China Raises Interest Rates to Cool White-Hot Economy

China's central bank raised interest rates Thursday in the government's strongest move yet to cool an economy verging on overheating. The news sent resource stocks, oil and commodity prices lower around the world.

The People's Bank of China raised the minimum rate banks charge on one-year loans in local currency, the yuan, 27 basis points, to 5.85 percent. The increase, which goes into effect Friday, was the first since October 2004 when the central bank raised the lending rate the same amount.

Oil prices, which surged in recent months in part on growing demand from China, fell and shares of mining companies tumbled as traders bet that the growing demand for copper, steel and other commodities fueled by China's rapid expansion could slow.

The Chinese economy expanded at a 10.2 percent in the first quarter from a year ago, aided in part by hefty lending by banks. That raised inflation fears and that already debt-laden banks could end up saddled with more bad loans.

Much of the bank lending is pouring into factories, buildings and other fixed assets. While the central bank rate increase is a broad move intended to discourage lending in general, the government has also taken more targeted measures in sectors where growth appears to be outstripping demand.

The rate increase was not entirely unexpected as speculation that Chinese authorities would take steps to slow the economy by curbing lending or other steps had depressed Hong Kong's stock market over the last week or so.

The rate increase triggered a modest reaction in the currency market, with the dollar dropping as low as 114.22 yen.

But as traders concluded that the rate increase had little implication for China's currency policy, the dollar recovered to 114.85 yen.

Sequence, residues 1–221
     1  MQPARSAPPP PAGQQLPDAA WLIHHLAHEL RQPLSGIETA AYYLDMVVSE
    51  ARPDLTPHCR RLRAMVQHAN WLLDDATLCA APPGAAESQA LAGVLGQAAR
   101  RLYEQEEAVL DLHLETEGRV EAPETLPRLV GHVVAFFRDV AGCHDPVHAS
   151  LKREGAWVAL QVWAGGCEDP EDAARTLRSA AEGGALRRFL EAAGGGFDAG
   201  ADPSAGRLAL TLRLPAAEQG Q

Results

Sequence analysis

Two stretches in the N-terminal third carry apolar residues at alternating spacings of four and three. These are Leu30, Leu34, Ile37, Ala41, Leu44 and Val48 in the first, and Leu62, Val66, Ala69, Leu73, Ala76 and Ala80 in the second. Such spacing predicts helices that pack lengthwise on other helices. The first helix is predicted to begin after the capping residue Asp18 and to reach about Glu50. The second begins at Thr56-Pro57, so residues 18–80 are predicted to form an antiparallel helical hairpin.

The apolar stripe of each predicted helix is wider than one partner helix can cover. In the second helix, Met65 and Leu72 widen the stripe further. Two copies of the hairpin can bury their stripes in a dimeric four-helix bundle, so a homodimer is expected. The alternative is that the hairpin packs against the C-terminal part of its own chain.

"The market realized that the Chinese interest rate move doesn't immediately mean there are direct implications for the exchange rate regime," said Jeremy Stretch, currency strategist at Rabobank in London. "It's domestic economic fundamentals warranting a moderate tightening of monetary policy."

China is under international pressure, particularly from the U.S., to allow the yuan to strengthen at a more rapid pace than the government so far has allowed. U.S. manufacturers claim the yuan is undervalued, giving Chinese exporters an unfair advantage.

Chinese authorities have already imposed investment controls on the aluminum, ferrous alloy, coke and cement industries. The auto industry will be next, He Yanli, a vice director at the National Development and Reform Commission, a key economic agency, told Dow Jones Newswires on Thursday. He said the auto industry controls would be imposed soon.

China's car sales in the first three months this year rose 74 percent from the same period a year earlier to 890,000 units, the official Xinhua News Agency reported in early April, citing data from the China Association of Automobile Manufacturers.

The local auto industry began to pick up last year after slowing significantly since mid-2004 when the government took measures to curb bank lending to various sectors that it viewed as being in danger of overheating, including the auto industry.

Meanwhile, the government said it will shut small coke production facilities by the end of 2009 to help reduce overcapacity in that industry.

The move follows the setting of lower output capacity targets for the ferroalloy, cement and aluminum industries earlier this week.

Domestic prices for coking coal, used to make steel, have been falling as demand lags behind supply, causing losses.

Coke producers must close coking units with a height of less than 14 feet in eastern China by 2007 and in the west by 2009, the National Development and Reform Commission said in a statement posted on its Web site Thursday.